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Bamboo Pipe Smoker. A7r w/FE 55 f1.8
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Went for a long hike yesterday across Bodmin Moor, where I revisited “King Arthur’s Hall” a megalithic monument of around 4000 years old (Neolithic to early Bronze age) on my way over to Rough Tor (You can just see on the distant horizon) and Garrow Tor (The derelict farmhouse above).
The last time I came over to this part of Bodmin Moor there was absolutely nobody about for miles around!...But because of the new UK TV series “Poldark” which is currently being broadcast, tourists have been flocking to the area in their droves trying to find the old Cornish cottage “Nampara” the home of Ross Poldark.
Couple more from the 15mm iii Heliar
Oil tank (lightpainted image from ~6 exposures)
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A7, C/Y 35-70mm f3.4
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There once stood a medieval village in Garrow Tor but due to climate change it no longer exists to support itself - Now this is the last remaining standing property in this very desolate area of Bodmin Moor.
No roads or villages for miles around just a very narrow steep rocky dirt track leads to the old farmhouse high up on the moor...It must have been a pretty hard life in those days!
(You can see “Garrow Tor” to the left and “Brown Willy” to the right on the horizon, this is the highest point in Cornwall).
I have not used my FE 24-70 since I bought it at a knock-down price from Amazon (and I even got the additional rebate thrown in). My intention was to use it for snaps rather than serious work.
However, I have been using it more lately and I have to say it is growing on me. It is the convenience factor, really. Although it is bulky it weighs next to nothing and it does allow you to frame a shot exactly rather than shoot with the intention of cropping in pp.
Anyway here are two from an outing yesterday in the Hertfordshire countryside.
Taken this morning over at Roche, looking across St. Austell Downs.
Two different conversions - Colour and pseudo IR with some added halation to give a ghostly glow
Two different stories which are associated with the Rock, if you care to click on the links below...Cheers Barry
The tale of Tristan and Iseult Tristan and Iseult - Wikipedia, the free encyclopedia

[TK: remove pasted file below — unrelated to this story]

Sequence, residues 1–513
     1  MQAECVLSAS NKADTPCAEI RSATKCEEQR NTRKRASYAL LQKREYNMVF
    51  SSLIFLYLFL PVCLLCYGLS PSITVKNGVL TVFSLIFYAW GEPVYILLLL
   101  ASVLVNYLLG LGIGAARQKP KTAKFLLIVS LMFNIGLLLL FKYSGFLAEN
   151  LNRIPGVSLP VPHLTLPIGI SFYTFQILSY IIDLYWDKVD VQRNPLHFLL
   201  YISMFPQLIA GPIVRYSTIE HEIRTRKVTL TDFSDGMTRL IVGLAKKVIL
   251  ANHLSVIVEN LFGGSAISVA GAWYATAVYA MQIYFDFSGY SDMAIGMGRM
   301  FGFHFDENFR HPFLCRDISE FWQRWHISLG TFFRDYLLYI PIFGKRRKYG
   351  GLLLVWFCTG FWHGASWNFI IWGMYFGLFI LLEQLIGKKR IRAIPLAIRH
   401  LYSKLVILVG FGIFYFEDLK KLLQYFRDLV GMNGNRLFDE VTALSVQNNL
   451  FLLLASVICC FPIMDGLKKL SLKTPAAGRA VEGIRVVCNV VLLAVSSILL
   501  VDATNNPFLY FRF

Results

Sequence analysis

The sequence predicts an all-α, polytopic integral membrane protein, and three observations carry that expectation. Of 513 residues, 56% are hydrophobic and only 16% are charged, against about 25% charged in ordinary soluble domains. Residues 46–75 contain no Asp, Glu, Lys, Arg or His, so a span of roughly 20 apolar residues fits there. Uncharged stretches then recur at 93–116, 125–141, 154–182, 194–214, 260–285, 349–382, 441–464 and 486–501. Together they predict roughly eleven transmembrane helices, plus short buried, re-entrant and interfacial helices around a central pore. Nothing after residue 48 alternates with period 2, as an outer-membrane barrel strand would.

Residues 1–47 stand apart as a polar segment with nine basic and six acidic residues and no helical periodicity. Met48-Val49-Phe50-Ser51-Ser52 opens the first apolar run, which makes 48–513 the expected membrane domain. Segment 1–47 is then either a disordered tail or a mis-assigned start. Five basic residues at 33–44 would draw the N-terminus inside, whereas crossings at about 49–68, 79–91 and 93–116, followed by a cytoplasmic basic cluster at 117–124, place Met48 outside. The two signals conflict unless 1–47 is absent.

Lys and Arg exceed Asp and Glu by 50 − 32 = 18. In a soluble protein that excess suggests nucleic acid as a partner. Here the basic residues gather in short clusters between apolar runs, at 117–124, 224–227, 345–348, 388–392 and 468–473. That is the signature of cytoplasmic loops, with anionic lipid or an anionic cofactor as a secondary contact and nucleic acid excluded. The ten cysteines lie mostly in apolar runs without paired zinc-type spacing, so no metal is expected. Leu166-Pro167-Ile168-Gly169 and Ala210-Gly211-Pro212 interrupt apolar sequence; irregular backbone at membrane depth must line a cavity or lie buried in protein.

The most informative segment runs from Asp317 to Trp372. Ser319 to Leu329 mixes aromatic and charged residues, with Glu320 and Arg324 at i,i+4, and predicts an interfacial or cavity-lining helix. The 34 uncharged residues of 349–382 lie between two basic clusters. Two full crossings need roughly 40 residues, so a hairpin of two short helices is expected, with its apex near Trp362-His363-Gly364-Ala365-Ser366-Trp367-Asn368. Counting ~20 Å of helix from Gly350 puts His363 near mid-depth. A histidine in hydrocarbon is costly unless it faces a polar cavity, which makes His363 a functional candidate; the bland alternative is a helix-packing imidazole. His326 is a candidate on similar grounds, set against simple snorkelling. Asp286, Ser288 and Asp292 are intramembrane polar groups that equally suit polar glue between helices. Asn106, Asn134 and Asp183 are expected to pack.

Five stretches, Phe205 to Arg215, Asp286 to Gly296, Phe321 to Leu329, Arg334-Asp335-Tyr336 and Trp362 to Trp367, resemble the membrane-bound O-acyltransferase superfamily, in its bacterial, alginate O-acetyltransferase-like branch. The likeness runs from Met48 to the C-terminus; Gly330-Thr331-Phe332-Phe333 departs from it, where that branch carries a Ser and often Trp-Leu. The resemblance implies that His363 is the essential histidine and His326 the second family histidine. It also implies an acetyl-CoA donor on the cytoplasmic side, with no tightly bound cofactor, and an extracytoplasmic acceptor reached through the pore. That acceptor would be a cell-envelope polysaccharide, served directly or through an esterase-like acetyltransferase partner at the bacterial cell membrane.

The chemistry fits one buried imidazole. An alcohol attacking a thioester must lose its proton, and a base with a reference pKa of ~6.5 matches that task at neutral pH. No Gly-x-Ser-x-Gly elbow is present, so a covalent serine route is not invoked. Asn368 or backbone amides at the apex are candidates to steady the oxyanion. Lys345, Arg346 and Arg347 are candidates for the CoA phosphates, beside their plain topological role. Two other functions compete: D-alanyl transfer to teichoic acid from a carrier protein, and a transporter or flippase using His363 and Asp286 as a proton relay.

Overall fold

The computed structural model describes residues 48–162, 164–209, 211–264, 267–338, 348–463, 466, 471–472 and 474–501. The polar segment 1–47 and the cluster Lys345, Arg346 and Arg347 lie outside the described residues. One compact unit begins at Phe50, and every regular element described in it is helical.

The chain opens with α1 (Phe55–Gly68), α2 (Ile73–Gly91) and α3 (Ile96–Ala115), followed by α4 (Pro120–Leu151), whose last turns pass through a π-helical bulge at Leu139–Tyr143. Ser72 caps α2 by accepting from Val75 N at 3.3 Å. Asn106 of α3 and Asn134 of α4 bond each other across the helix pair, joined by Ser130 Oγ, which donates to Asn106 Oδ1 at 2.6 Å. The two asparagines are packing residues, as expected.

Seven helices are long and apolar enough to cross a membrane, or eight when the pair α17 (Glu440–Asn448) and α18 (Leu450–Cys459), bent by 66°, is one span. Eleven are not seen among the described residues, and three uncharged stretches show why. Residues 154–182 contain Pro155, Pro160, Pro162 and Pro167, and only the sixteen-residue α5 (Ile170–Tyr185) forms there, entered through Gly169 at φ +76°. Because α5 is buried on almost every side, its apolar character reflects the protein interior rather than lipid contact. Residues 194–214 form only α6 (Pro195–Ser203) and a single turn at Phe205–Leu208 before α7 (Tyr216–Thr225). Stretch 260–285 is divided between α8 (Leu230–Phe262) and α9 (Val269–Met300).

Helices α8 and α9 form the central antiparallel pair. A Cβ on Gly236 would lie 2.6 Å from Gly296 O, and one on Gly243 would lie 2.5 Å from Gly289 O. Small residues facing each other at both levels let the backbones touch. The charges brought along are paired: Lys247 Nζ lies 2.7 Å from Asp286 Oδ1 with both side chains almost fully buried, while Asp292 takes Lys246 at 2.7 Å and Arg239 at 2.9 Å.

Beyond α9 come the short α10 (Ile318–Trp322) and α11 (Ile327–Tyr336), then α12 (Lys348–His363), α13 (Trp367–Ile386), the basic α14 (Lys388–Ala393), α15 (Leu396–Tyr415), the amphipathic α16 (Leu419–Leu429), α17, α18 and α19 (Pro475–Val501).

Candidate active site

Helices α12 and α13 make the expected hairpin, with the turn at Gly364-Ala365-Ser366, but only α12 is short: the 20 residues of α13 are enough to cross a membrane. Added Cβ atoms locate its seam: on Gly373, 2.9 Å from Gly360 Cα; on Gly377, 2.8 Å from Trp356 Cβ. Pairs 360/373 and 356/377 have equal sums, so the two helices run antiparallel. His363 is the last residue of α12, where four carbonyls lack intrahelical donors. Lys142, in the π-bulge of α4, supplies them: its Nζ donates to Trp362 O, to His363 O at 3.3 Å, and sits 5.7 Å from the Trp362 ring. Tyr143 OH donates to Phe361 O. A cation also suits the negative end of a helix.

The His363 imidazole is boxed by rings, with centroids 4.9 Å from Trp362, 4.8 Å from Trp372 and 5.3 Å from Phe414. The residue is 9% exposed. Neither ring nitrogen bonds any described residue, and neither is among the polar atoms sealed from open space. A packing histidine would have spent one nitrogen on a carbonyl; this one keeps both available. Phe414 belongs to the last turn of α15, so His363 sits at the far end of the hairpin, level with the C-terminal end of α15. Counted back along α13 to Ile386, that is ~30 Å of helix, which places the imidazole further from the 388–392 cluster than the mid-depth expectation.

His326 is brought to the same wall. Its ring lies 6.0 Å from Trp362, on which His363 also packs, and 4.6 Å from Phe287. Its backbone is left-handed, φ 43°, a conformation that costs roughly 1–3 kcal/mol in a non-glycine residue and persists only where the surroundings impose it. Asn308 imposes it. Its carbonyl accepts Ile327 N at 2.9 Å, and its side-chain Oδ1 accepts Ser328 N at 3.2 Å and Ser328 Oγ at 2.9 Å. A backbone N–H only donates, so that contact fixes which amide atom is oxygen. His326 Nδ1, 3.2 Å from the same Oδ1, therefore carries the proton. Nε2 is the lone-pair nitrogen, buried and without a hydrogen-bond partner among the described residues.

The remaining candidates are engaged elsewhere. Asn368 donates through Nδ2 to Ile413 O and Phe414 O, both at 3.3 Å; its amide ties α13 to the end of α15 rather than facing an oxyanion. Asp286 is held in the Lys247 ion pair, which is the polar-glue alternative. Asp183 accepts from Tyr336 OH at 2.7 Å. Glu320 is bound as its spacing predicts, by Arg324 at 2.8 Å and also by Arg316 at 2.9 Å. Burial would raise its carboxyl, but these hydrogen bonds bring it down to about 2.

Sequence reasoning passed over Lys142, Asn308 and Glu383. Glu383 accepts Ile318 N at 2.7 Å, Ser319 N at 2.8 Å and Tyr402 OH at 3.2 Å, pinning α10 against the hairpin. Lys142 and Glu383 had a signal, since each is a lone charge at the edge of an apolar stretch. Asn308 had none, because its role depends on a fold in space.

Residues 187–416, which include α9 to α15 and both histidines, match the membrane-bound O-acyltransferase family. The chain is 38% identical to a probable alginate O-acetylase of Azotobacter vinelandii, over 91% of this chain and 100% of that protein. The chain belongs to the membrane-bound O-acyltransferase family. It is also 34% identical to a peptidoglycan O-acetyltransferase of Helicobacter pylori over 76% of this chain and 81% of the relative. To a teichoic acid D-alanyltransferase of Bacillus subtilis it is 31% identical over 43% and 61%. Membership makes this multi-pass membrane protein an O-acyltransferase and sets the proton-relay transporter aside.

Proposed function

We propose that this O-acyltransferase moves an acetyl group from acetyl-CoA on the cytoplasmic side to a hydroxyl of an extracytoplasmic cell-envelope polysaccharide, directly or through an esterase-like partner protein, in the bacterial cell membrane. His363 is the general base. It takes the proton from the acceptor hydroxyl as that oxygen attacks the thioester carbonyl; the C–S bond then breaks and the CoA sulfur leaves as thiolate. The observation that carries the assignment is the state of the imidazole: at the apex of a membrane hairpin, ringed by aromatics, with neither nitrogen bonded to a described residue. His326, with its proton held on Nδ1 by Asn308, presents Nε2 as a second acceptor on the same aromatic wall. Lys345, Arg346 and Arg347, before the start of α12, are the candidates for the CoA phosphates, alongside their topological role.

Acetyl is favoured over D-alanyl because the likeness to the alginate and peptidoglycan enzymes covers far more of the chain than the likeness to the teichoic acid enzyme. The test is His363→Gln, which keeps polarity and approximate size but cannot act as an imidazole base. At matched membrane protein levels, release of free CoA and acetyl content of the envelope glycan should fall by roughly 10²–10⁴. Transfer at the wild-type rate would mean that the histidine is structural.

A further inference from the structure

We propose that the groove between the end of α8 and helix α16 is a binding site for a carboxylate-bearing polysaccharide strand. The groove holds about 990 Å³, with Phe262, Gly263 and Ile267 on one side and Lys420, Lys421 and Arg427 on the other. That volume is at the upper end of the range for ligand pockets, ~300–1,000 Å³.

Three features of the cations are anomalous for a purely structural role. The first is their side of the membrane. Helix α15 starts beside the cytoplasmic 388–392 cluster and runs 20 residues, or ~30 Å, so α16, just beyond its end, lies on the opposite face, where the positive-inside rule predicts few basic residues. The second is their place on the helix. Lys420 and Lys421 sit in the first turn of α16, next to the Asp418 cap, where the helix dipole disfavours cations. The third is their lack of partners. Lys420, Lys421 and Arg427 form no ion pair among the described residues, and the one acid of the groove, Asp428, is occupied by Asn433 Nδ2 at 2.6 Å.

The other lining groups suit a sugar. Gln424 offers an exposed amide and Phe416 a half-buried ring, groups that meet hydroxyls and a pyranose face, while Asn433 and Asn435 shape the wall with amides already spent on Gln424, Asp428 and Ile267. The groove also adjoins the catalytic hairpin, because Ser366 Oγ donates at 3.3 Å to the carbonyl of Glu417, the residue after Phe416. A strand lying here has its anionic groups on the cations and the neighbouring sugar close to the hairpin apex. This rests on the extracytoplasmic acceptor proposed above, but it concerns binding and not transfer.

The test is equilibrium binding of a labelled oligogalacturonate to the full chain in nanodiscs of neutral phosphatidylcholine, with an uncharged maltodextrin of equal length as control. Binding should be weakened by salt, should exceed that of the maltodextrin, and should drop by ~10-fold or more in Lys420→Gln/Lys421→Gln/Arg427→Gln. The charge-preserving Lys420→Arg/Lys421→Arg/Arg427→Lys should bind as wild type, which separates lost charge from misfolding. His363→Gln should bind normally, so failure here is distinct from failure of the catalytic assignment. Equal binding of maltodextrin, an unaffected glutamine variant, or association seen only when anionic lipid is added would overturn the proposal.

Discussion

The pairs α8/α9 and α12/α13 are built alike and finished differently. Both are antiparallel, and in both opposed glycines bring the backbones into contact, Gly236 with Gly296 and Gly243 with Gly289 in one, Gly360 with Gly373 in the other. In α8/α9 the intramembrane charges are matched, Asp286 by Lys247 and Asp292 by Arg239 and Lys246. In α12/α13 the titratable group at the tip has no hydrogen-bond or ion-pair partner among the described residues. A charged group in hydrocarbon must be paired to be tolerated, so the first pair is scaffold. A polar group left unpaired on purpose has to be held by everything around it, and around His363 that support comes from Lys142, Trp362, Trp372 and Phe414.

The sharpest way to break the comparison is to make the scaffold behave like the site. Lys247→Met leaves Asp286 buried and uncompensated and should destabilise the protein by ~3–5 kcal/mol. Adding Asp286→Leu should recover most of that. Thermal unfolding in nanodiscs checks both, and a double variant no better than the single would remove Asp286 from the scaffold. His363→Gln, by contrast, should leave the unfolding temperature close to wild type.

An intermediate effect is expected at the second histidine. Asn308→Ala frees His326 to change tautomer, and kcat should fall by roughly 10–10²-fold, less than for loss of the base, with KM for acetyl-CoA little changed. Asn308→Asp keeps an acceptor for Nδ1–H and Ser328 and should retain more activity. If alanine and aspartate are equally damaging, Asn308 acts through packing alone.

The ghostly story of Jan Tregeagle Jan Tregeagle - Wikipedia, the free encyclopedia
A little girl chewing sugar cane. A7r w/FE55 f1.8
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Bokeh fun with the 16-35/4. I think it's so awesome that one lens can give me both ultrawide angles and the ability to get some decent background separation at 35/4!
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Very nice Graham^^^ Agree wholeheartedly the 35mm end (wide open) is super when used close up, it has a lovely soft creamy bokeh that I like a lot
Your image just reminded me that Sergio Lovisolo also did an excellent example earlier shot wide open close-up at the 35mm end http://www.getdpi.com/forum/613794-post200.html
I will make this the final alternative type process print copied via the A7R/55mm FE lens...Again originally taken on the 10x8 Gandolfi with the 165mm Super Angulon.
This is a bromoil print of the “Clavell Tower” at Kimmeridge Bay, Dorset. Clavell Tower - Wikipedia, the free encyclopedia
It was taken soon after the filming of the 1985 P.D. James TV series “The Black Tower” in which the tower ended up catching fire.
I was in two minds whether or not to show this image, as it was my one and only attempt at this process (Having now seen other bromoilists work, I know for a fact it’s not a great example).
None the less it was all part of a photographic series of UK follies that I was intending to turn into a book one day and never did!...Showing different alternative processes being used for each different folly around the UK.
A bromoil print for those not familiar with the process is basically a conventional darkroom BW print on an uncoated paper (Kentmere Document Art in this particular case) that is bleached back to a latent image in a mixture of copper sulphate, potassium bromide and potassium dichromate...It leaves behind a ghost of the image that has a very slightly raised surface, it is this delicate surface that will accept dilute intaglio inks being gently applied via a soft bristle hair brush (shaving brushes are commonly used).